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Originally published December 10, 2012 at 8:51 PM | Page modified December 11, 2012 at 6:01 AM

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2 years after Susan Powell vanished, Utah cops checked dad-in-law's phone

More than two years after Susan Powell disappeared in 2009, leaving behind her two young sons and husband, Utah authorities began examining the cellphone, calendar and email of her father-in-law.

The Associated Press

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OLYMPIA — Utah investigators handling the case of missing mother Susan Powell examined her father-in-law's cellphone, calendar and emails earlier this year — more than two years after she disappeared.

Records obtained by The Associated Press under Washington public-records laws indicate that authorities made little effort to explore Steven Powell's activities after Susan Powell disappeared in December 2009, even though her family has long suggested he might know something about where she is.

They only began the more intensive effort this April after a former co-worker of Steven Powell's said he had talked about traveling to Utah in the weeks close to when she went missing.

Investigators had largely focused their time on Susan Powell's husband, Josh, who killed himself and the couple's two young children in February. Utah investigators said they can't discuss details of the case, but Washington officials have said they believe Josh Powell killed his wife.

They also say his father may know more about the disappearance than he's letting on.

Anne Bremner, a Seattle attorney for Susan Powell's parents, said they had expressed those concerns from the beginning about Steven Powell.

The family's concerns were exacerbated by how he had acted around Susan Powell.

And they escalated to a new level in summer 2011, when a search warrant at the Pierce County home where Steven and Josh Powell lived found journals and photos suggesting Steve had an extremely sexual and emotional draw to his daughter-in-law.

The Associated Press reported Thursday that some 4,500 images in a folder dedicated to Susan Powell included shots of her out in public, apparently unaware that a camera was focused on her.

Steven Powell wrote in journals that he took sexual pleasure in looking at videos and images he captured of her.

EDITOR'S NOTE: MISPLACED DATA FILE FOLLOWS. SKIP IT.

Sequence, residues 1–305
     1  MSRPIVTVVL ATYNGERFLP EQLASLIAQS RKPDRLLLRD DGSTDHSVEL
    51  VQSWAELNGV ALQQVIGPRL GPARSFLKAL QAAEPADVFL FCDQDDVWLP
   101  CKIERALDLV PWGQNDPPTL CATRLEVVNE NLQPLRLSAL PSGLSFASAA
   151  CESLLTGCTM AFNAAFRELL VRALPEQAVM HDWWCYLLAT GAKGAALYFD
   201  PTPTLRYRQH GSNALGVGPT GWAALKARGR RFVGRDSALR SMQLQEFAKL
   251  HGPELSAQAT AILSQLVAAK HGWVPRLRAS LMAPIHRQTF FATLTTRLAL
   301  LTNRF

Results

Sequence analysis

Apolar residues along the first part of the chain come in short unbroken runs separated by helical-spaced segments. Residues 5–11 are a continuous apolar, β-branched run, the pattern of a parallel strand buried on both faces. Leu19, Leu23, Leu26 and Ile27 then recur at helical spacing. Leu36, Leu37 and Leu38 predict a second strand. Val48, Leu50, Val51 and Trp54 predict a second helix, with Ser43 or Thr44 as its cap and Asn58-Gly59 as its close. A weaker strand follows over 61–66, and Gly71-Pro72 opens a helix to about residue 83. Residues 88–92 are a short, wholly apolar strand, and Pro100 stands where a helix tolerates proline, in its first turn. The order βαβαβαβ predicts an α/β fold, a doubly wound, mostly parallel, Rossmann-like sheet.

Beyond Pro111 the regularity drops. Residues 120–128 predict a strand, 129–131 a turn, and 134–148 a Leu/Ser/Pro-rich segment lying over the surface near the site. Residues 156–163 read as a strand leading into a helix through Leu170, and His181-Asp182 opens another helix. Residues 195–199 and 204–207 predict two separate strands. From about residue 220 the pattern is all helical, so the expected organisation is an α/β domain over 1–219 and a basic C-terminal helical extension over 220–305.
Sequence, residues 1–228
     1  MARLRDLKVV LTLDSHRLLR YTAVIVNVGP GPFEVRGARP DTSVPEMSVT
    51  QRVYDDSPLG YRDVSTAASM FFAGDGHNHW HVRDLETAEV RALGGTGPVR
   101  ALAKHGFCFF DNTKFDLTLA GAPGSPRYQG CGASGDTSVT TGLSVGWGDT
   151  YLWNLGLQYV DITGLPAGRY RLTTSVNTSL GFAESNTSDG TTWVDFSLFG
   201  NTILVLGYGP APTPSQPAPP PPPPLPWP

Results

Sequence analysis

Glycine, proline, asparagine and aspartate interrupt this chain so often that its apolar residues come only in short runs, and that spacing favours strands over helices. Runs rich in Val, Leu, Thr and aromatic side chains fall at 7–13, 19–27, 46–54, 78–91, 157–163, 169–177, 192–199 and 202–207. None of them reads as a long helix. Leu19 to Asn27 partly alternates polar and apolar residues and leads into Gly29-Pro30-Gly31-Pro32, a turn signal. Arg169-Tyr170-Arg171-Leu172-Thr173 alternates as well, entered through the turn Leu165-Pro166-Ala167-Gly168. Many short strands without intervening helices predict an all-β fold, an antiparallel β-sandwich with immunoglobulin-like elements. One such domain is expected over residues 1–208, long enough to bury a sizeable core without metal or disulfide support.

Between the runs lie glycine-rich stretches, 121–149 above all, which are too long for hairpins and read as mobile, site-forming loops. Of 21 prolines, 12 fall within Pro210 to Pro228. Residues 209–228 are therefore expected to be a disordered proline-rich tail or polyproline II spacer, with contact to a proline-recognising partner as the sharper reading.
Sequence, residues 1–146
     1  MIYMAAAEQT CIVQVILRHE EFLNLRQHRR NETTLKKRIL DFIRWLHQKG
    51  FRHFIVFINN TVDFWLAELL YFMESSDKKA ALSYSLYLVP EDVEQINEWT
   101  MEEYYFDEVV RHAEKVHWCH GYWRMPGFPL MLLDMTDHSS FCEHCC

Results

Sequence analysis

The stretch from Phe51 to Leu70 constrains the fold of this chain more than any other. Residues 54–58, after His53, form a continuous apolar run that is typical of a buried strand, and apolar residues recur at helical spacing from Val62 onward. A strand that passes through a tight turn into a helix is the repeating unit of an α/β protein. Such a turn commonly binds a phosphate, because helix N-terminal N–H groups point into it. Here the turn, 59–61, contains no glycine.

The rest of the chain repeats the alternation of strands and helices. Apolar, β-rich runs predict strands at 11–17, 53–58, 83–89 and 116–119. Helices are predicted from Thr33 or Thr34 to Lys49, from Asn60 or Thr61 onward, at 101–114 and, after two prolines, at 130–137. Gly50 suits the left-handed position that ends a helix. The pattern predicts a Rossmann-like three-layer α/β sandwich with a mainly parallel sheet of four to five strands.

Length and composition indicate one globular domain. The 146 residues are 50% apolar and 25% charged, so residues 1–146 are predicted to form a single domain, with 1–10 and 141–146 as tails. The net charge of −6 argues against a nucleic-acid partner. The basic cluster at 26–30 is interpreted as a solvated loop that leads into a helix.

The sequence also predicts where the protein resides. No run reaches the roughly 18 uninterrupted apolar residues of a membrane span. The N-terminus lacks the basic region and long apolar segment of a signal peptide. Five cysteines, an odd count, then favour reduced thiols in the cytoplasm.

"Oh my god, those journals. I couldn't read them all," Bremner said. "The fact that Steven had that amazingly bizarre obsession with Susan — chronicled page after page — that alone would make him somebody you'd want to look at."

Sgt. Mike Powell, a spokesman for the Police Department in West Valley City, Utah, said he can't discuss details of the investigation but noted that the agency has spent countless hours on the case.

The investigation remains active, though he said investigators have reduced their focus on the case.

Pierce County Prosecutor Mark Lindquist, who oversaw the voyeurism case against Steven Powell in Washington, said Powell likely knows more than he's telling but added that even if he did speak he's not a reliable person.

Powell is in prison serving his voyeurism sentence and could be released as early as May.

"Barring new evidence emerging, we're done with Mr. Powell," Lindquist said.

Utah investigators say Steven Powell has not cooperated with their investigation, but that still didn't initially trigger a more thorough assessment of him.

In fact, an investigator said in one email obtained by AP that they did not take Steven Powell's cellphone or mobile Internet card during the 2011 search at his home.

This April, a co-worker of Steven Powell's went public with her recollection that he talked about going on a snowy camping trip with his son and grandchildren in Utah around the time Susan Powell disappeared.

She had previously emailed authorities about that conversation.

The day after Jennifer Silva told her story to AP, detectives in Utah began checking with officials at the Washington Department of Corrections, where Steven Powell had worked around the time Susan Powell disappeared.

They began asking where he was assigned and what clients he was working with in December 2009.

Susan Powell was last seen on Sunday, Dec. 6, 2009. Steven Powell's work calendar is blank the next day, and he took sick leave the two days after.

Investigators also expanded their assessment of him this April, analyzing his phone and SIM card. Investigators also explicitly asked for his emails from 2009.

The AP first requested those emails, which are public record, in 2011.

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